Newbie and Diving in Head First

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8 years 9 months ago #36009 by mallory5nz
Hi. We just went unconditional on our offer to purchase a lifestyle property in Poukawa (home, barn & 3 hectares) and we move in in just 1 week! YIKES!

We're excited but there is so much to learn.

The property is coming with 6 ewes and all their lambs (last count was 12 babies), as well as a chicken and rooster. We are adding 5 1-year old labrador retrievers to the mix and New Zealand White rabbits are due to arrive in mid October. And my husband hopes to add 2-3 cattle.

Our livestock will mostly be for our dogs (as they are raw fed) and while we've had horses and rabbits before, sheep, chickens and cattle are going to be new experiences.

I've joined this group in hopes of finding some immediate advice on fencing as that is one of my biggest concerns right now. I look forward to chatting!

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8 years 9 months ago #470836 by Blueberry
so, does that mean that although the property comes with sheep attached, it's not really fenced well enough to keep the sheep in (or out, as the case may be?)

[;)] Blueberry
treading lightly on mother earth

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8 years 9 months ago #470892 by Del
Replied by Del on topic Newbie and Diving in Head First
Exciting times! Your location sounds great!
All the best on your new adventure, I'm sure you'll find the guidance you need here; the people are fantastically helpful :D

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8 years 9 months ago #470948 by LongRidge
Welcome. Our 3 dogs and 2 cats go through about 1 sheep per month, including cooked offal. Remember to freeze sheep and goat meat for at least a week before feeding it to your dogs. Our old rams and even older sheep get homekilled for this use.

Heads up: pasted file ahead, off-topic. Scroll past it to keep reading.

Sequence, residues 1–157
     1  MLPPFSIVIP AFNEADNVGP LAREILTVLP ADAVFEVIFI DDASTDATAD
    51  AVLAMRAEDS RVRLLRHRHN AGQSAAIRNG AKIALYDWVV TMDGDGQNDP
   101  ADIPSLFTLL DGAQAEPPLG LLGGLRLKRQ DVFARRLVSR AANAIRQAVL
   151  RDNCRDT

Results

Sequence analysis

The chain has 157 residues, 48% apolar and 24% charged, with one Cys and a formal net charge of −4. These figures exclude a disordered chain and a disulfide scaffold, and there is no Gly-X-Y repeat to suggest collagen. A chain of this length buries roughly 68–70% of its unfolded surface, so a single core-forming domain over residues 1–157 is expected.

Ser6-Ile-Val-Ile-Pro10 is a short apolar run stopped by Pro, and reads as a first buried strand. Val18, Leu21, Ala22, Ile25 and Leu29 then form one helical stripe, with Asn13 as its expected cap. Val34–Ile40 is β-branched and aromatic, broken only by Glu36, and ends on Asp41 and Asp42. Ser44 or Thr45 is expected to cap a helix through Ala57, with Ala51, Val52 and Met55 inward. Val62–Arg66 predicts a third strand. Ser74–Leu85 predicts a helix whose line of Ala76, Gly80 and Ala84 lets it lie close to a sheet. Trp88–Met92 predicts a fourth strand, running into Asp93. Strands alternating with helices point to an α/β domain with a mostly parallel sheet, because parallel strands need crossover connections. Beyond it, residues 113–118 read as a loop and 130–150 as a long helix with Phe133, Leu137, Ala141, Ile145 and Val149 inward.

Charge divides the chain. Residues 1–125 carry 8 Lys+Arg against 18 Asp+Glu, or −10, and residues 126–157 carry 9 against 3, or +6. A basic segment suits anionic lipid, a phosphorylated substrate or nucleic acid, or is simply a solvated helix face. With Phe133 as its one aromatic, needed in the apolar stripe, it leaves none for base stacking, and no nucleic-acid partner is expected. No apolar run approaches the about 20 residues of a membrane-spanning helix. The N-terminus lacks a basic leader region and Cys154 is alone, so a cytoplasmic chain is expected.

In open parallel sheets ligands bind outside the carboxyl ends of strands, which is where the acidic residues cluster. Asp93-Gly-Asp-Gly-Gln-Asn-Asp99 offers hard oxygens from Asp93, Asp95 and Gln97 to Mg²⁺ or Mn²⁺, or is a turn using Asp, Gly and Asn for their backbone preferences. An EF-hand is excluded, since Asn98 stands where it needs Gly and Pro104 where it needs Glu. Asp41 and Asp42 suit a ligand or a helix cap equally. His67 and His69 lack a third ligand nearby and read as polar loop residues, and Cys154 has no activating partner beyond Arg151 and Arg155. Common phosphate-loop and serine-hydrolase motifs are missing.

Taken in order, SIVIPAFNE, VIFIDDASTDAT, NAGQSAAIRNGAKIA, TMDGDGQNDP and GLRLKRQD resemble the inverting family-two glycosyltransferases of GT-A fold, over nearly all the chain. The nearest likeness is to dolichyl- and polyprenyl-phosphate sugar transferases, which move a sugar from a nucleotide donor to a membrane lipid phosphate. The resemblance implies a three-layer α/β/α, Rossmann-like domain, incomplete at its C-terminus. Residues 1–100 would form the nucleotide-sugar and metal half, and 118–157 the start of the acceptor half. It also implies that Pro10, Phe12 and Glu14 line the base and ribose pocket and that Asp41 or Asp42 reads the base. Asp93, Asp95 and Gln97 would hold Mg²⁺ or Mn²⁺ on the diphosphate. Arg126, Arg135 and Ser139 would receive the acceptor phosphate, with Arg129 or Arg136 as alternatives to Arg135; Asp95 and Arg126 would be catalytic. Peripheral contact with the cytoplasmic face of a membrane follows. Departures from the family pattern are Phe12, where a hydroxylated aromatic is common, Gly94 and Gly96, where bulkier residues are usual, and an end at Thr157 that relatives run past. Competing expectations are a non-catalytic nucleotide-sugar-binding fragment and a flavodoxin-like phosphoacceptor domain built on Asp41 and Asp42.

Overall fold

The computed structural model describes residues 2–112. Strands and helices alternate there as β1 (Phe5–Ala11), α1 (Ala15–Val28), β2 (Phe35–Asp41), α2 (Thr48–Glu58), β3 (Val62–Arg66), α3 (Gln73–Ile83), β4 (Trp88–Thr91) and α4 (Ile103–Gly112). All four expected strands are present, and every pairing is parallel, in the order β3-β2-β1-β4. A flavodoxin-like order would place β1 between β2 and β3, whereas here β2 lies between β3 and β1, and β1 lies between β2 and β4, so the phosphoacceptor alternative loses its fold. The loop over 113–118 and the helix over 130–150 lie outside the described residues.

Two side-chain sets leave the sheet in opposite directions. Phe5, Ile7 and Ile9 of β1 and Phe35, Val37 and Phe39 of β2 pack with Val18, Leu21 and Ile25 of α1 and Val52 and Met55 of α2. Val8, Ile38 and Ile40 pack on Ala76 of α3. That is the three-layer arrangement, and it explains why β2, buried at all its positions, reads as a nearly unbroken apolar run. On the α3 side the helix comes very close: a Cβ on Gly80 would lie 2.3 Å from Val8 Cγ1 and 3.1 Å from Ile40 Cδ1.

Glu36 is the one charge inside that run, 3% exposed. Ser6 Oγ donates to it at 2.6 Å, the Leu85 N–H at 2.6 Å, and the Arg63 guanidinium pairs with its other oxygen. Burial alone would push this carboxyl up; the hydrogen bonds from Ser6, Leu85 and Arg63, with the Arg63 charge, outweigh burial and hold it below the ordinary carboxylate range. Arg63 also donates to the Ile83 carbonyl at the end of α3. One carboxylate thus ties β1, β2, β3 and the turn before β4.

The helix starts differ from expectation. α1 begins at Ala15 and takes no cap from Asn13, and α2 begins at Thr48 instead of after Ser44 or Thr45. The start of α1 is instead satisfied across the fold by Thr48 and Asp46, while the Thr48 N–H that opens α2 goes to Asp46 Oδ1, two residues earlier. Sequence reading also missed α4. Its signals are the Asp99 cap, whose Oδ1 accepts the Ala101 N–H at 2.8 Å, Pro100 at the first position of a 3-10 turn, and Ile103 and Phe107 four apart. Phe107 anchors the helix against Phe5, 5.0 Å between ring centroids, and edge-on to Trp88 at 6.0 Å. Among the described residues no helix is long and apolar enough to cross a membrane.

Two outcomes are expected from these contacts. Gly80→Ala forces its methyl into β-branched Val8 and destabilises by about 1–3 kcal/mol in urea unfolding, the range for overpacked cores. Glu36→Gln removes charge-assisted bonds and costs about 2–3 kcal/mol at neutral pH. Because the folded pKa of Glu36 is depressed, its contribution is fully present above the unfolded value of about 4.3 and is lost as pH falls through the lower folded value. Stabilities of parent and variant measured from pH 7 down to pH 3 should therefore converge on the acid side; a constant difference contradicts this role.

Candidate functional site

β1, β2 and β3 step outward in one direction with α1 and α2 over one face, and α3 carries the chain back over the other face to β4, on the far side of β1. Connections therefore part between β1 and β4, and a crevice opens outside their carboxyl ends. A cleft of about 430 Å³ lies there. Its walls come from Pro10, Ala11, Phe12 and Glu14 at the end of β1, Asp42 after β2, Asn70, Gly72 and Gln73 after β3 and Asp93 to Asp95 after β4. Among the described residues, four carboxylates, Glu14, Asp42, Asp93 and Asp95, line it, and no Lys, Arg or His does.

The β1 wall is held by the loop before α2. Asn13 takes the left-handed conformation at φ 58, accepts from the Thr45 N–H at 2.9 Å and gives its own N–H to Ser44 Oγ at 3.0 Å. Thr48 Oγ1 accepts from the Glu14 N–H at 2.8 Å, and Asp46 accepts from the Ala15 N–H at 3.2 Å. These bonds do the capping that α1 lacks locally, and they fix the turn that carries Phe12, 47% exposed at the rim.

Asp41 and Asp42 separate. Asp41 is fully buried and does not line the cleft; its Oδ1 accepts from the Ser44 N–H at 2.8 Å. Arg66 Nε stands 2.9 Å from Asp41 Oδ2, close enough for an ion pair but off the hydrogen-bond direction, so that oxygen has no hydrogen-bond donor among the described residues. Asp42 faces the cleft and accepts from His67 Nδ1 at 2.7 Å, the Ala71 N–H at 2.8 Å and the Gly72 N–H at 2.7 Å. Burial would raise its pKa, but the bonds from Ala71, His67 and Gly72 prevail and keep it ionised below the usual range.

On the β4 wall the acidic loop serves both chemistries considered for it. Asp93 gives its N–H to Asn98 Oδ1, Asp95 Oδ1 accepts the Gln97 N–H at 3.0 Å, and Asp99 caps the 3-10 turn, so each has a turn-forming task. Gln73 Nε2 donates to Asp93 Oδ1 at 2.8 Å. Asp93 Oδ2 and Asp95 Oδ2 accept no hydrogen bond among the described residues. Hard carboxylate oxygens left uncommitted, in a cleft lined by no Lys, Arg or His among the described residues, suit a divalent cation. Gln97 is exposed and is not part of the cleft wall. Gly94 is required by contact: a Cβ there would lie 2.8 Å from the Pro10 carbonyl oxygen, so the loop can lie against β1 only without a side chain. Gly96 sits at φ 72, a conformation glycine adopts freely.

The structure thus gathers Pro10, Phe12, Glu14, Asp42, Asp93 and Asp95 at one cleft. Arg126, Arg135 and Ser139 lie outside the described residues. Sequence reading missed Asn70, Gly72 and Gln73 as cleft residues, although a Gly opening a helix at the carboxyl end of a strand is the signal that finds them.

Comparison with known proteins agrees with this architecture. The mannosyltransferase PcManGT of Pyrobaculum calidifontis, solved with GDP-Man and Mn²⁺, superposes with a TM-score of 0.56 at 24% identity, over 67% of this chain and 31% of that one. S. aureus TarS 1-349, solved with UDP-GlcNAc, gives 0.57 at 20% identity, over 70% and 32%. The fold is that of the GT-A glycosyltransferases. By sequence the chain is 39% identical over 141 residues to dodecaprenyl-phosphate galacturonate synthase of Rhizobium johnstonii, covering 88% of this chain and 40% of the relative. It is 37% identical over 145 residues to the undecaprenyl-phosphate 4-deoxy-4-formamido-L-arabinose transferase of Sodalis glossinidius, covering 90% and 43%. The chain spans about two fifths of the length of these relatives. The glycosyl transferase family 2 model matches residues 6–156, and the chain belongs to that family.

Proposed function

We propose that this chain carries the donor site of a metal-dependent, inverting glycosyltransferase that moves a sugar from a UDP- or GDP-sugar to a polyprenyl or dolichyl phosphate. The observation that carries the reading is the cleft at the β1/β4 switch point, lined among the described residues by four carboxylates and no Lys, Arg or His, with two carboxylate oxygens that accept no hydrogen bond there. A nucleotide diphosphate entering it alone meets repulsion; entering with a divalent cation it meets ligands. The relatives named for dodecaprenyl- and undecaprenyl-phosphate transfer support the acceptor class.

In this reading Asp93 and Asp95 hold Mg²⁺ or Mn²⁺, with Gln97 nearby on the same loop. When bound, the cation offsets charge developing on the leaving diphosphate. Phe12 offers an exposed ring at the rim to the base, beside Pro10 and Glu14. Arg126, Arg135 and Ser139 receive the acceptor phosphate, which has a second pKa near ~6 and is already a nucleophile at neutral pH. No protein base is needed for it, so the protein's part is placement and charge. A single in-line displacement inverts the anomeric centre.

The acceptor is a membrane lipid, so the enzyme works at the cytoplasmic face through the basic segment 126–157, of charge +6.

Poukawa, west Taupo I presume? With the right sort of fertiliser, enough of it, and cobalt supplementation you might be able to run the stock you plan. I would only run 2 cattle - 1 yearling and 1 newly weaned calf, kill the yearling when it gets to about 2yo and replace it with another calf.
When we started 20-odd years ago, I did not know that sheep could get through 8 wire and batten fences. I am now putting netting over the top of the fences that I put in then.
For the cattle, I only need a single electric wire. So the netting fences have a hot outrigger on them to discourage the cattle from rubbing on the fence. This also means that I can break-feed the cattle when I need to.
Sheep do not like hay, and do not do well on it, so don't plan to feed them hay unless you know they will eat it. Sheep need short grass, cattle need longer grass than sheep can eat, so when possible let the cattle have the paddock before the sheep get it. That way, the cattle will get rid of more of the sheep worms, too.
The fencing laws are quite ambiguous, except the bit about you must keep your stock in, be they sheep, cattle, chickens, rabbits, dogs, trees, elephants or mice. The sheep and cattle cannot be killed by the neighbours if they escape, but the dogs, chickens and rabbits can be.

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8 years 9 months ago #471268 by Negodil
Welcome Mallory5NZ, this is a great place to get advice from. Congratulations and good luck with the new block.

Fairhaven Alpacas, breeding champion Suri alpaca in Temuka

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8 years 9 months ago #472032 by Kinickles
We are in a similar situation to you. Just purchased some land in Fernhill and needed to get the grass down quite quickly so brought 3 sheep(obviously note nought to keep the amount of grass down than needed). Hopefully getting some chickens soon too but for now we better learn how to look after sheep properly:)

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